Cybercrime

It's time to rethink Cybercrime

The shift towards the digitisation of economies has opened up huge opportunities. But it’s also brought enormous security risks. As our online footprint grows and we touch the Internet through an average of 5.7 devices in every home, we are increasingly exposed to risks including fraud, identity theft, virus attack and breaches of personal information.

gTLDs *are* going to make the Internet less safe

Report into abusive domain names makes for worrying reading

The introduction of thousands of new Internet extensions in the next year is going to make the Internet less secure if a new report is anything to go by.

The "namespace quality index" produced by domain consultants Architelos is the first time a comprehensive review of abuse of the domain name system has been undertaken. It makes for interesting, and worrying, reading.

GAC advice: new gTLD safeguards

Below is Annex 1 to the Governmental Advisory Committee's (GAC) communique to the ICANN Board delivered on 11 April 2013 in Beijing. It concerns a series of "safeguards" for new gTLDs.


Safeguards on New gTLDs

The GAC considers that Safeguards should apply to broad categories of strings. For clarity, this means any application for a relevant string in the current or future rounds, in all languages applied for. The GAC advises the Board that all safeguards highlighted in this document as well as any other safeguard requested by the ICANN Board and/or implemented by the new gTLD registry and registrars should:

Internet humbles UN telecoms agency

ITU forced to face modern realities as WCIT conference implodes

Having turned industries and governments upside down, the Internet has claimed its first organizational scalp, subjecting the United Nations' International Telecommunication Union (ITU) to a humiliating failure at the World Conference on International Telecommunications (WCIT) in Dubai earlier today.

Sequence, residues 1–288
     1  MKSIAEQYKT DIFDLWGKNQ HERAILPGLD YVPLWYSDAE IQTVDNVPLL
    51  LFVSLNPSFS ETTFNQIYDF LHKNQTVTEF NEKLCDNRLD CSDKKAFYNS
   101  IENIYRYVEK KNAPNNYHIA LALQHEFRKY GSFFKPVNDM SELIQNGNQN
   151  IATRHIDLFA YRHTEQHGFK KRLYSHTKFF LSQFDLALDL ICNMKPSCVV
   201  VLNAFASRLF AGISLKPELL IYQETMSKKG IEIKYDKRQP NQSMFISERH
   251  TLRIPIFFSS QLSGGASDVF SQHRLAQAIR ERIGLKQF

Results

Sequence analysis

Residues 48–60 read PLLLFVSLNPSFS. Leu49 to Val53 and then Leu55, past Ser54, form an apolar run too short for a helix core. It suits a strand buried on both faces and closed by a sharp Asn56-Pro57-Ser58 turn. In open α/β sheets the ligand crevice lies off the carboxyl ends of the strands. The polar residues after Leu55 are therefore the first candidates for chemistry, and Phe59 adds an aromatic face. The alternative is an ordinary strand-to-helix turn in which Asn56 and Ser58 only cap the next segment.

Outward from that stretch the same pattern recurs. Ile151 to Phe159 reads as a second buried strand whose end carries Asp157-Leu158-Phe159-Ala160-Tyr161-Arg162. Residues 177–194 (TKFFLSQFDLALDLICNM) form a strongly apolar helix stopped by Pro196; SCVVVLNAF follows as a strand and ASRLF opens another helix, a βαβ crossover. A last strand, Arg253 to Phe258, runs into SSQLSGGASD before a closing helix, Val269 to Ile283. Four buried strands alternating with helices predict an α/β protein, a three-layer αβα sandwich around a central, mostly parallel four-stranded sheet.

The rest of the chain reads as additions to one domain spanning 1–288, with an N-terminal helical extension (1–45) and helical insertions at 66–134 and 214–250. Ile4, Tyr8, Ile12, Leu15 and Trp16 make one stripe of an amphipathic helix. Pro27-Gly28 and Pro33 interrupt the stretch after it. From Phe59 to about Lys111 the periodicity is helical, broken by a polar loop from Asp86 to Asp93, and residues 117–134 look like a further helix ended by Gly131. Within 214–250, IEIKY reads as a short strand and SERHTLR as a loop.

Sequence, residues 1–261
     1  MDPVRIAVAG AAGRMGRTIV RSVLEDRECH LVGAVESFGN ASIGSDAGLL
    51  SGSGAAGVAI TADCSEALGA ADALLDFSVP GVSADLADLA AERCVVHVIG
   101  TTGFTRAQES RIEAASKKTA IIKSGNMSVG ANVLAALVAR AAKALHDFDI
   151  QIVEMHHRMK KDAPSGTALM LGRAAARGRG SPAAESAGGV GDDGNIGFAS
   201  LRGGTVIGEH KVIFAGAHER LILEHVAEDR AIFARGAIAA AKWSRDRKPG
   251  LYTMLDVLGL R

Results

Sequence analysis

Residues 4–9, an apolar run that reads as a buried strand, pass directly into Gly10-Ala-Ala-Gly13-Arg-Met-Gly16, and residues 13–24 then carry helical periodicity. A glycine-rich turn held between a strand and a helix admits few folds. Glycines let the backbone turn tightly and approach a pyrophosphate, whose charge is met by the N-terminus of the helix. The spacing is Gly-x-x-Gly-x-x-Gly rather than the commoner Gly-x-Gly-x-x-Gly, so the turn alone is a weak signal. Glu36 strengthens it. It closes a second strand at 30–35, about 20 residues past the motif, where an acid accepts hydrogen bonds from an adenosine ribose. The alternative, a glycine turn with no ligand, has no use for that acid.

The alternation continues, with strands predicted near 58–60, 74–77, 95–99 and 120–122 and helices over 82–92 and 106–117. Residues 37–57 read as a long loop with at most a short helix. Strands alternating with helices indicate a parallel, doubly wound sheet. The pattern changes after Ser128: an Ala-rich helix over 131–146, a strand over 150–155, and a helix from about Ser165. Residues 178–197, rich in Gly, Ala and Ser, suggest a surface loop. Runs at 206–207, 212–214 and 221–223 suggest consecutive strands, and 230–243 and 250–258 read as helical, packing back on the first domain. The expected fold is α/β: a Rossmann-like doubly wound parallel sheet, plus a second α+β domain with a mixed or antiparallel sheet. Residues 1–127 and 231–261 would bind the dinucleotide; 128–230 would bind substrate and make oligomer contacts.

No sooner had applause run out after a vote on what to include in the preamble to an updated global telecoms treaty than the United States took the floor and announced it would not sign it.

"It's with a heavy heart and a sense of missed opportunities that the U.S. must communicate that it's not able to sign the agreement in the current form," said Ambassador Terry Kramer. "The Internet has given the world unimaginable economic and social benefit during these past 24 years. All without UN regulation. We candidly cannot support an ITU Treaty that is inconsistent with the multi-stakeholder model of Internet governance."

Internet power-grab looms large as world conference enters final day

Vote taboo broken at WCIT as chair asks for "feel of the room"


Moment of the non-vote vote at 1am. Credit: Dominique Lazanski

Fears that the International Telecommunication Union (ITU) will award itself a role in governance of the Internet, despite the promises of its Secretary-General, are looming large on the last day of the World Teleconference on International Telecommunications (WCIT).

At the end of a confusing and fast-paced day of discussions yesterday, the issue that has haunted for the conference for the past six months finally exploded into the open with discussion of a new proposed resolution that would see the ITU "play an active and constructive role" in deciding the evolution of the global communications network.

Draft ITR text seeks role for ITU in Internet governance

Key concern of WCIT conference lives on

The International Telecommunication Union (ITU) is seeking to give itself a role in Internet governance, despite strong resistance and an earlier promise by its Secretary-General that it would not do so.